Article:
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The "Reves" technique, which was the algorithm used for deformation motion blurred volumes prior to 23.45, is more accurate than the Eulerian technique and has a faster convergence time after the renderer has started. Unfortunately, it has a very high preprocessing cost, very high memory requirements, and is inherently a biased technique. As such, it requires the micropolygon length to be set to low numbers (exacerbating both the time and memory costs) in order to avoid visible biasing which manifest as blurry volumes. In most cases, the Eulerian technique should be preferred unless the velocity boundary conditions mentioned above cannot be satisfied for some reason.

The velocity vector value is expected to be relative to the entire shutter range. If you are working with velocity data measured in units per second and the shutter is not set to an entire second's worth of time, you may need to scale the data by the number of frames per second (i.e. 1/24.0) for a correct picture. We supply a control as a Velocity Multiplier to aid in conversion should your data be in the wrong measurement or allow you to make artistic tweaks to the motion blur. Alternatively, the Attribute "volume" "fps" may be set on the geometry directly to accomplish the same thing; in this case, the value of this attribute would be number of frames per second directly (24), not the inverse.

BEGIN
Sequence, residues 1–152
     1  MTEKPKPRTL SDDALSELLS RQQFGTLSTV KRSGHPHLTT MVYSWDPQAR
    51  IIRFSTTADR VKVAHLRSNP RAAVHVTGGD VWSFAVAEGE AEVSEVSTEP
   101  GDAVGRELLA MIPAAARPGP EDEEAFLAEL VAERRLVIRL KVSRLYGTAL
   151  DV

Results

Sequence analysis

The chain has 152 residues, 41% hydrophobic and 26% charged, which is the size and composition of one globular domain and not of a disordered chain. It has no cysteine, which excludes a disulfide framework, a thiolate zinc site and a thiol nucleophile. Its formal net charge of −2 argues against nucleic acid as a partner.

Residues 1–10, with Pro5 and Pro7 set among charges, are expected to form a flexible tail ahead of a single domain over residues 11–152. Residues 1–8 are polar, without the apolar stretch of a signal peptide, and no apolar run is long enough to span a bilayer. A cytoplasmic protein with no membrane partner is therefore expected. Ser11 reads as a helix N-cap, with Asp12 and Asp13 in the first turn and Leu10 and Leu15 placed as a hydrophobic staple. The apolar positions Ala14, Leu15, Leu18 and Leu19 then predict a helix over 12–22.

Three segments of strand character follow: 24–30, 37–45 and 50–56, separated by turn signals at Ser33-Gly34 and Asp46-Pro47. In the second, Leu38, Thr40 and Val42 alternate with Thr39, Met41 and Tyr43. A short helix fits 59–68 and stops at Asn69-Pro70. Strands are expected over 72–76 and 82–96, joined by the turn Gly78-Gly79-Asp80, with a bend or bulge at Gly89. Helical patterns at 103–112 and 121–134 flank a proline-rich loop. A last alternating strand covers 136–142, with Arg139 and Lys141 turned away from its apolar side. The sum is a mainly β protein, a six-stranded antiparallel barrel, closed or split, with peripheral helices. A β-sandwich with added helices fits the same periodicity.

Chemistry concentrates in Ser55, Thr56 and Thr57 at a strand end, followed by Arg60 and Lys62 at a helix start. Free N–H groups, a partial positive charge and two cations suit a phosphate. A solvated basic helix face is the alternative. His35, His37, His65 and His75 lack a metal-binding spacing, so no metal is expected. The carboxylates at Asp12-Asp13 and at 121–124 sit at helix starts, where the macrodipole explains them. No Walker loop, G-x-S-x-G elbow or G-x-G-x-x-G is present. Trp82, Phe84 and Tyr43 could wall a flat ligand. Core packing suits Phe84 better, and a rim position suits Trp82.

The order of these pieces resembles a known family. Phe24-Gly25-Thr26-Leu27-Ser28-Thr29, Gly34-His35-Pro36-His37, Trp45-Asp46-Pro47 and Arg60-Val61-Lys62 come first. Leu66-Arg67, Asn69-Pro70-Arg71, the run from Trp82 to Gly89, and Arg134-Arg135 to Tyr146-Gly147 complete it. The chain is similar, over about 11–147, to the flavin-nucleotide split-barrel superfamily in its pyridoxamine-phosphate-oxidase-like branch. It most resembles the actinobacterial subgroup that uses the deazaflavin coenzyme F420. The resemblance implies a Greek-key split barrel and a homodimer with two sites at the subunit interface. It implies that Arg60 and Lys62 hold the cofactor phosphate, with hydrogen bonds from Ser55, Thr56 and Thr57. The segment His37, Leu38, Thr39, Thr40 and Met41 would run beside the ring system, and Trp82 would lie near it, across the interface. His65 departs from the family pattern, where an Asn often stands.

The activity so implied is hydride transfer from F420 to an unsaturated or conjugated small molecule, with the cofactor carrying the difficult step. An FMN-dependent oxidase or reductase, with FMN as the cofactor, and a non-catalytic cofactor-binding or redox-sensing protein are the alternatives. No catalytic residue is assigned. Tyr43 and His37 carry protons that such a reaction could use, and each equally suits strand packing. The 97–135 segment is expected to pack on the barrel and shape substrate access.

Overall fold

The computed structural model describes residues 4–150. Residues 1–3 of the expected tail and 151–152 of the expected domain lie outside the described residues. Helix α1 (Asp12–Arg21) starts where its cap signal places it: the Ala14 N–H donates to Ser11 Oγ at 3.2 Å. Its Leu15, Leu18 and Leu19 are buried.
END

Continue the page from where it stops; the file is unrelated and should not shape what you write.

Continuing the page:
As noted above: unlike other parameters to PxrVolume, the accuracy of deformation motion blur is directly related to and controlled by the  dice attribute  micropolygonlength . If you find that the fine detail of a motion blurred volume is lost, you may need to decrease this attribute in order to regain the detail. This will have a direct effect on render times and memory.

The following images were rendered using Eulerian motion blur, in conjunction with an OpenVDB file containing a velocity grid. Image on the left was rendered with no blur, while the image on the right has velocity supplied by a connection to the PxrPrimVar node reading a velocity grid from the file. The velocity has been exaggerated by a factor of 10. Note that this OpenVDB file (from openvdb.org) does not satisfy the boundary requirements of having velocity data in all areas of movement - this can be seen in the fact that the silhouette edges of the volume do not change significantly despite the exaggerated movement. However, there are no obvious objectionable artifacts, and area of the volume away from the boundary convey the desired velocity detail.

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